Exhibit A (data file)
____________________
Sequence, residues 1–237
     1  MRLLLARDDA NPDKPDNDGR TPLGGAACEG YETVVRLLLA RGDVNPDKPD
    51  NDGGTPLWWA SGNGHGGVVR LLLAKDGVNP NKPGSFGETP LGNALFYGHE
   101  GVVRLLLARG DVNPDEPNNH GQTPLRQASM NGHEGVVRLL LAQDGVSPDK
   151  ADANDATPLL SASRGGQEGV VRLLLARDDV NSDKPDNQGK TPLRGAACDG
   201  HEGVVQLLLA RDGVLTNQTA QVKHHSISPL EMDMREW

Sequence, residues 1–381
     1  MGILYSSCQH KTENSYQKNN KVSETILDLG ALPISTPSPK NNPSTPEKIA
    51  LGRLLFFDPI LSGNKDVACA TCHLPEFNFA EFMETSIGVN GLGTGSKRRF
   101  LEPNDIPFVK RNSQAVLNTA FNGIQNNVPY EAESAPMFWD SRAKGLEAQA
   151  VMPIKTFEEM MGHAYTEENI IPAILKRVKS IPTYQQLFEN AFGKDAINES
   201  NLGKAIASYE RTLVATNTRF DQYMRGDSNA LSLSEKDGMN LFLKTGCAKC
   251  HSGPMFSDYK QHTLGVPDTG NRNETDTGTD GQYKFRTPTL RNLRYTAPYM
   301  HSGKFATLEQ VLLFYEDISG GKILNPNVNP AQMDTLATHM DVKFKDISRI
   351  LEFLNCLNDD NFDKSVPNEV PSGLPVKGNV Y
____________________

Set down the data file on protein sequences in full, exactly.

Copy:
Sequence, residues 1–237
     1  MRLLLARDDA NPDKPDNDGR TPLGGAACEG YETVVRLLLA RGDVNPDKPD
    51  NDGGTPLWWA SGNGHGGVVR LLLAKDGVNP NKPGSFGETP LGNALFYGHE
   101  GVVRLLLARG DVNPDEPNNH GQTPLRQASM NGHEGVVRLL LAQDGVSPDK
   151  ADANDATPLL SASRGGQEGV VRLLLARDDV NSDKPDNQGK TPLRGAACDG
   201  HEGVVQLLLA RDGVLTNQTA QVKHHSISPL EMDMREW

Sequence, residues 1–381
     1  MGILYSSCQH KTENSYQKNN KVSETILDLG ALPISTPSPK NNPSTPEKIA
    51  LGRLLFFDPI LSGNKDVACA TCHLPEFNFA EFMETSIGVN GLGTGSKRRF
   101  LEPNDIPFVK RNSQAVLNTA FNGIQNNVPY EAESAPMFWD SRAKGLEAQA
   151  VMPIKTFEEM MGHAYTEENI IPAILKRVKS IPTYQQLFEN AFGKDAINES
   201  NLGKAIASYE RTLVATNTRF DQYMRGDSNA LSLSEKDGMN LFLKTGCAKC
   251  HSGPMFSDYK QHTLGVPDTG NRNETDTGTD GQYKFRTPTL RNLRYTAPYM
   301  HSGKFATLEQ VLLFYEDISG GKILNPNVNP AQMDTLATHM DVKFKDISRI
   351  LEFLNCLNDD NFDKSVPNEV PSGLPVKGNV Y